7. First, I can’t let Xbrad attempt to compare our scholastic achievements, as they are really incomparable…
    Second, to Cathy above, good laydown of pedagogy v andragogy. The army leads the way in advanced education at the Command and General Staff College, where experiential learning is the norm for students and instructors. I would submit, though, that for probably 75% of the army, the need is for motor-skills and basic memorization (this is the battle drill; this is how you operate this equipment, etc) while critical or creative thinking skills are not necessary until you reach more senior positions. I do heartily concur with your concluding comments, though.

  8. I appreciate your explanation about the teaching motor-skills and basic memorization training that is necessary, Esli. A lot of pedagogy in there but tailored for adults. And the discipline aspect of the military ends up being in there too, sorta like ‘learn this well because your life and the lives of others depend on it,’ or ‘that’s an order.’ That’s pedagogy in its purest sense.

    I’ve not seen these tests, but I’ll assume they attempt to measure some of what adolescents already know along with, hopefully, their ability to learn. No one can every know everything they need for a position they have not yet assumed. However it is possible to make judgments about whether a person is able and motivated to learn. I think those are the crucial elements that need to be measured in the tests — and in my opinion no one should be lowering the bar.

  9. For the record, “Dragon Speak for the Mac” and I are trying to work together. Sometimes, it great, and others, it is not so great. Yesterday, *not so great* at 8PM. In junior high school, we studied *Calculus*, not “cartilage”. I’ve learned a lesson. Yes, even dumb old Vets, like me can learn.

    There was one day, I was having a real problem writing for a school homework assignment. My father saw me and came into talk with me. I figured I was going get “chewed out”. He knows I saw him, but he goes out to the kitchen for two cups of coffee. He left me in my room to stew, now I was totally confused, what was he up to? He came back into my room, and sat down he said, “You need to take a break, let’s talk.” I know this old man well enough, not to relax, he is up to something! He said, “I figured you were having a problem and needed to talk. I am not owing to give you the answers, in fact, I’m going to give you more questions.”. I figured this is just what I need, more questions. ( Sarcasm) He said, “I know you don’t like this homework. My question is simple, when you get out of school, are you going to be finished with homework?” As I’m sitting there, it’s starting to make sense, I don’t like it, but I’m going to be doing homework for the rest of my life. The irony of this whole event was this, I would spend the rest of my life essentially doing the very thing I hated, writing. The real value of this discussion is to encourage young people to develop their own essential skill sets. The most important thing is to learn them in such a way that they can be used in both wartime and peacetime. I never really thought about the concept of words being weapons. But as I went through my life, I saw this event with my father to be and extremely important event. My father was not a hard man to get along with, he didn’t have a lot of rules or counsel. But when he did, you had better listen.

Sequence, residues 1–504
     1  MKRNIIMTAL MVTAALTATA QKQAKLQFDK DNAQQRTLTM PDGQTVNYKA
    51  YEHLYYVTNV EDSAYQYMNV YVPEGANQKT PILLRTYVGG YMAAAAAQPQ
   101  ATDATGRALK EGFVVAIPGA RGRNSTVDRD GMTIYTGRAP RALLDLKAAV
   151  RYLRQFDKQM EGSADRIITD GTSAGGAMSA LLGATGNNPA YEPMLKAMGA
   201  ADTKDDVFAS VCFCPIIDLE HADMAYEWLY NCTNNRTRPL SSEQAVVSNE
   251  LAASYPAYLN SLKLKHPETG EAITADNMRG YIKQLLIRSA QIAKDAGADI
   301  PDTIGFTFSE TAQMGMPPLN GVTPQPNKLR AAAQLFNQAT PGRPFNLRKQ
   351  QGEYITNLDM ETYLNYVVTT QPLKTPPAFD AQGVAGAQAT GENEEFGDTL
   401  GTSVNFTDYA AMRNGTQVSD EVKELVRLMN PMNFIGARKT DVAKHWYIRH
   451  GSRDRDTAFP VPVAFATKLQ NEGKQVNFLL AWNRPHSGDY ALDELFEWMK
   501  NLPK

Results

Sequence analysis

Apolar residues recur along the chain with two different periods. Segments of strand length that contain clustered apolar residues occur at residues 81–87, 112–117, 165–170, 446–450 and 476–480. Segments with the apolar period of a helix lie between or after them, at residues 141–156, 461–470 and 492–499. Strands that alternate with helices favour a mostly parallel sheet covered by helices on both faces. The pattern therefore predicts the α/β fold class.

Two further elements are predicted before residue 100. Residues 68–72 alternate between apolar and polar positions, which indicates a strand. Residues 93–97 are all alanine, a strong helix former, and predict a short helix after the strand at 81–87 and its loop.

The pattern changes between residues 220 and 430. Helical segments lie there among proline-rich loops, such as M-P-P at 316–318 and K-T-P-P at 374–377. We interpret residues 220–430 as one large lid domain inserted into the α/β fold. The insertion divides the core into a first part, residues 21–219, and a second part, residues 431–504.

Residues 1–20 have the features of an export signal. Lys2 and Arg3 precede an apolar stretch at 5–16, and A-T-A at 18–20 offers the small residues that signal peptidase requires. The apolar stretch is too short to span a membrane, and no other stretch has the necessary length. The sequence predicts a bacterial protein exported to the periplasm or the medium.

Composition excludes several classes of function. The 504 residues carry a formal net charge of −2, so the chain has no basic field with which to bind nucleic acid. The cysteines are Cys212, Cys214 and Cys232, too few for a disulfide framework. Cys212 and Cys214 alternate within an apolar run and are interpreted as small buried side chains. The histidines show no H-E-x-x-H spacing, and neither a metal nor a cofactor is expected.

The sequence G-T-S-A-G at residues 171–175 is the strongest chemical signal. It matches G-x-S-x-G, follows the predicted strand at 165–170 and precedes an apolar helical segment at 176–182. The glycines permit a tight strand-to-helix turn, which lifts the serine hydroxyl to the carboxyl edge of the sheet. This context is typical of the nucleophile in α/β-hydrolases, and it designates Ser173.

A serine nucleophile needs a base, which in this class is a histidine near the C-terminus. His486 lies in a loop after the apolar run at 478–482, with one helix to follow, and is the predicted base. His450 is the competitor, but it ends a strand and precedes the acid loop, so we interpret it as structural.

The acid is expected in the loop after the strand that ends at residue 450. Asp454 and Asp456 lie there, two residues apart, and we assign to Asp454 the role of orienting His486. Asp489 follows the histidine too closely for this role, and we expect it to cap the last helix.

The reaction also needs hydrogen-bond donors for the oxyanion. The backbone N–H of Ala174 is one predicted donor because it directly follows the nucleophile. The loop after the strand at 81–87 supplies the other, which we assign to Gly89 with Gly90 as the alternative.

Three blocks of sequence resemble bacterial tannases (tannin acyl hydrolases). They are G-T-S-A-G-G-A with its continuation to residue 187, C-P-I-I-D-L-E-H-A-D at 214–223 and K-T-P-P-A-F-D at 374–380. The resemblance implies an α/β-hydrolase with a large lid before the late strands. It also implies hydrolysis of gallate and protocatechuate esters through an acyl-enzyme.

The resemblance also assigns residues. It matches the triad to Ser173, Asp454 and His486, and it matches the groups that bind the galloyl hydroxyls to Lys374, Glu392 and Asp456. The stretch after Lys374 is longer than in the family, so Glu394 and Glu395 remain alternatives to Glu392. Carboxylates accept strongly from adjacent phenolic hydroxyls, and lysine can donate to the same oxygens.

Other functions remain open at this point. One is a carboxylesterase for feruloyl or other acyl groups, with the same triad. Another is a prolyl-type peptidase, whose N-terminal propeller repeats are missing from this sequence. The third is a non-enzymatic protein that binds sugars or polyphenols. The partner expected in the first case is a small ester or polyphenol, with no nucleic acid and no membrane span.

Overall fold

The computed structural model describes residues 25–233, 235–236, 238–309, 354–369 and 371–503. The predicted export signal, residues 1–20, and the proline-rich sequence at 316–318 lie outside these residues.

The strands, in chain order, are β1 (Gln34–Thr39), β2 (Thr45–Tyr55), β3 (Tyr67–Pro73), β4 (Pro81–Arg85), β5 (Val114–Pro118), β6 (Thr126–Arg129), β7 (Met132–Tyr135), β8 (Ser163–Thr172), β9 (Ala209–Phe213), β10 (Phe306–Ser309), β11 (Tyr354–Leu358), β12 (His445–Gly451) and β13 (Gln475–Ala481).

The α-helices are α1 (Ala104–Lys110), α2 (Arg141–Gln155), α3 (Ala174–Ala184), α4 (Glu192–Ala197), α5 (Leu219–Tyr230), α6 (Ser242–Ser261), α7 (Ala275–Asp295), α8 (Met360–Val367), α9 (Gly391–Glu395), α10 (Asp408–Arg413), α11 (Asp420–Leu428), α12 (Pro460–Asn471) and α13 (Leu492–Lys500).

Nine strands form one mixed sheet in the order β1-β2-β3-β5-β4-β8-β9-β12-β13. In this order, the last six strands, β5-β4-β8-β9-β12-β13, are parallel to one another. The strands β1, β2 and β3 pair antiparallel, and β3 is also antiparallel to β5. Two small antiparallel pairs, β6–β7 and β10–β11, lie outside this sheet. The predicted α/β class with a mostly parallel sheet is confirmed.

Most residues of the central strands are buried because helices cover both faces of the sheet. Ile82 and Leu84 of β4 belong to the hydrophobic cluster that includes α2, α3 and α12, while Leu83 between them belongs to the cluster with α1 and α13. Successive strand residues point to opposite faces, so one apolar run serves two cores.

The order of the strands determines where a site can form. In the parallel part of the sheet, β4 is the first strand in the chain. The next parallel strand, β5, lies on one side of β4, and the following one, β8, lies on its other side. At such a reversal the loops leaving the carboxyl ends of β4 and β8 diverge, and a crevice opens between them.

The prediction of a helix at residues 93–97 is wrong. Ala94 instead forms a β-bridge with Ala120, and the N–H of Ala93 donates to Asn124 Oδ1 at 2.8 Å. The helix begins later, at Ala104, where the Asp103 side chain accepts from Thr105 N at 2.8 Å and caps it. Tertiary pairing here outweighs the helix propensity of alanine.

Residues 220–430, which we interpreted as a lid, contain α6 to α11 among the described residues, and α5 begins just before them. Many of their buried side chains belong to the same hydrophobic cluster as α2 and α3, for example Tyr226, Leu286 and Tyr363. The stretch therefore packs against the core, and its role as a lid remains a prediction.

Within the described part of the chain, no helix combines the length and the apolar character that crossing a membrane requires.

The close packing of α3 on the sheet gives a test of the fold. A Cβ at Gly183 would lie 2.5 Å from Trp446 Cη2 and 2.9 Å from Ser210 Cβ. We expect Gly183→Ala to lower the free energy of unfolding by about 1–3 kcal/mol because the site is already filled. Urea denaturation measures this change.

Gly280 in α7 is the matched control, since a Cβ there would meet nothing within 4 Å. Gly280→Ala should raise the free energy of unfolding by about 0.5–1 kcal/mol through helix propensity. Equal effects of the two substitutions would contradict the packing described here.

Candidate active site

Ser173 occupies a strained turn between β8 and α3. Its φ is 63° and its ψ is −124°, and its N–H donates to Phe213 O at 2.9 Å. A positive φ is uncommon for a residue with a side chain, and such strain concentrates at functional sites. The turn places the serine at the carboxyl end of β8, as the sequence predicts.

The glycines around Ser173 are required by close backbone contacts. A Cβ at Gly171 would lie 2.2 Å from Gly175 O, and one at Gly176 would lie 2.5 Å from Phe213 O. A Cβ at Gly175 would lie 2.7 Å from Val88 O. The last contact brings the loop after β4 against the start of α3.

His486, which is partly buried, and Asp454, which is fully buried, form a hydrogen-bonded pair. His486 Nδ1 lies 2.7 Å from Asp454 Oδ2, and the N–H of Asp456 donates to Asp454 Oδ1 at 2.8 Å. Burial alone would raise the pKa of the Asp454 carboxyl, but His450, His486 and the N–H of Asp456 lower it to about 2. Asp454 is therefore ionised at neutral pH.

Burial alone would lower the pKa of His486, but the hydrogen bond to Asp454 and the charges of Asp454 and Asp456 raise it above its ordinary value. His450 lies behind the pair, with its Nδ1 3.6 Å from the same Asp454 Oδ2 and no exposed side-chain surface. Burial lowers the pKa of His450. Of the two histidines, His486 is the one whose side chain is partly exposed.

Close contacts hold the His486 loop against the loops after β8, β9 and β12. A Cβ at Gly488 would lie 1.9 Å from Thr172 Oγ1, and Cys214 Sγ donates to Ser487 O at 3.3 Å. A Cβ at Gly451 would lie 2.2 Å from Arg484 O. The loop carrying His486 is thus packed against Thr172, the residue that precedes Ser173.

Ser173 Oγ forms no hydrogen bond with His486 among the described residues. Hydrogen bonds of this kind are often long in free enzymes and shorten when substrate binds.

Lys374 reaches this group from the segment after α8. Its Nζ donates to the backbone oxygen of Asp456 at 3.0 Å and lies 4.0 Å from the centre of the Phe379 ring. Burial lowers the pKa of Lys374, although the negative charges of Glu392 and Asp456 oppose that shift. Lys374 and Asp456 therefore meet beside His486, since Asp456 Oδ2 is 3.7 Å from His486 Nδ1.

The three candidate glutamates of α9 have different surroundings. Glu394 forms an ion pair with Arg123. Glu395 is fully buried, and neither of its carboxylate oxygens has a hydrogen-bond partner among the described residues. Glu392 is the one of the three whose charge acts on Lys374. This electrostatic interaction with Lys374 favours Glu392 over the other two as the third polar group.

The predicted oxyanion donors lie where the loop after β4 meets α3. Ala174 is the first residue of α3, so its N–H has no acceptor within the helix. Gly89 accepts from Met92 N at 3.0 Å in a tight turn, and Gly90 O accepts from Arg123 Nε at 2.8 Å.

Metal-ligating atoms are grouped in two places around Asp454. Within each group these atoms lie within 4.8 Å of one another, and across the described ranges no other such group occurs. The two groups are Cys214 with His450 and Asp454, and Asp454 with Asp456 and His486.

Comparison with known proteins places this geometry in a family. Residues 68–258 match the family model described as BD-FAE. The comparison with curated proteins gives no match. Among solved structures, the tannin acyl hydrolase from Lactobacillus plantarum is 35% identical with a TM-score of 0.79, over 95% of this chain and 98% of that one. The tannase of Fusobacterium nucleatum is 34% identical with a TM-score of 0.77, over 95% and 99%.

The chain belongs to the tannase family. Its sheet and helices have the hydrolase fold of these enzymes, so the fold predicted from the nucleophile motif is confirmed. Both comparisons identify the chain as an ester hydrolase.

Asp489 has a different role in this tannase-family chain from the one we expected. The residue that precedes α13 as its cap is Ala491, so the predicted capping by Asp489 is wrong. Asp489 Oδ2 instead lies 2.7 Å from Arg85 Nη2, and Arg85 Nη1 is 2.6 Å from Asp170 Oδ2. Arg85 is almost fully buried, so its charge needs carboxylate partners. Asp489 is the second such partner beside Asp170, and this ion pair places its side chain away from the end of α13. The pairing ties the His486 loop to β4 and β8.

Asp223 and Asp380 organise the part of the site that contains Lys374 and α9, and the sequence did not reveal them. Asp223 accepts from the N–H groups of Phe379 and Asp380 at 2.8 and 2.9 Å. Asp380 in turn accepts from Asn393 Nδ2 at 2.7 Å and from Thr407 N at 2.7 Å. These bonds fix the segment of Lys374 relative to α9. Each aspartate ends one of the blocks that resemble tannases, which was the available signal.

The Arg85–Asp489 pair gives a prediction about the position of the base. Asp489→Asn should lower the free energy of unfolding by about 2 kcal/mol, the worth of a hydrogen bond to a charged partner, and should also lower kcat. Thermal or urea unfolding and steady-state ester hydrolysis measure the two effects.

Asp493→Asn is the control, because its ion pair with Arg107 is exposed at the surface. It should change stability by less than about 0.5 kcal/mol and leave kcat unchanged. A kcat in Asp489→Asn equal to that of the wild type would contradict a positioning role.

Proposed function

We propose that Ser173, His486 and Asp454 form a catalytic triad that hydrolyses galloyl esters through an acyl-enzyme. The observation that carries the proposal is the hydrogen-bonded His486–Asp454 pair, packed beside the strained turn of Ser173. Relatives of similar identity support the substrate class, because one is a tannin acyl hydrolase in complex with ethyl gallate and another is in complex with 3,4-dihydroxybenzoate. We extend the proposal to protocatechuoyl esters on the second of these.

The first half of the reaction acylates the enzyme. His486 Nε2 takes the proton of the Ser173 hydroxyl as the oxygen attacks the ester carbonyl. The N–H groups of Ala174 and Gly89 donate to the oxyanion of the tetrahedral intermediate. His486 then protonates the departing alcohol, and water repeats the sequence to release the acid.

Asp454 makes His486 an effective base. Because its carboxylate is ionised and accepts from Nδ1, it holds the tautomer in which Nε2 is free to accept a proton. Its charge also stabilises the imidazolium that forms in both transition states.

Let me take a moment, and wish you a Merry Christmas and a Happy New Year!

  10. Hate to say it Brad, but the ASVAB and all its ancestors are and were designed to be IQ tests. IQ is simply the ratio of mental age to chronological age. IQ tests measure trainability. Jerry Pournelle has had few discussions on the matter at his site and the headline of your post is also up on his site (in mail, iirc).

    I took the old AQB in high school, in San Antonio and later took the ASVAB. I remember scoring very high on the AQB, but got a 99 on the ASVAB. After my son took it he asked me what my score was. He had scored a 99 as well.

    It’s a bit strange that you scored a 98 on the 2nd go round. I took it a second time in the 80s and made the same score. I wonder if it wasn’t a scoring anomaly as you should have scored the same given the design of the test.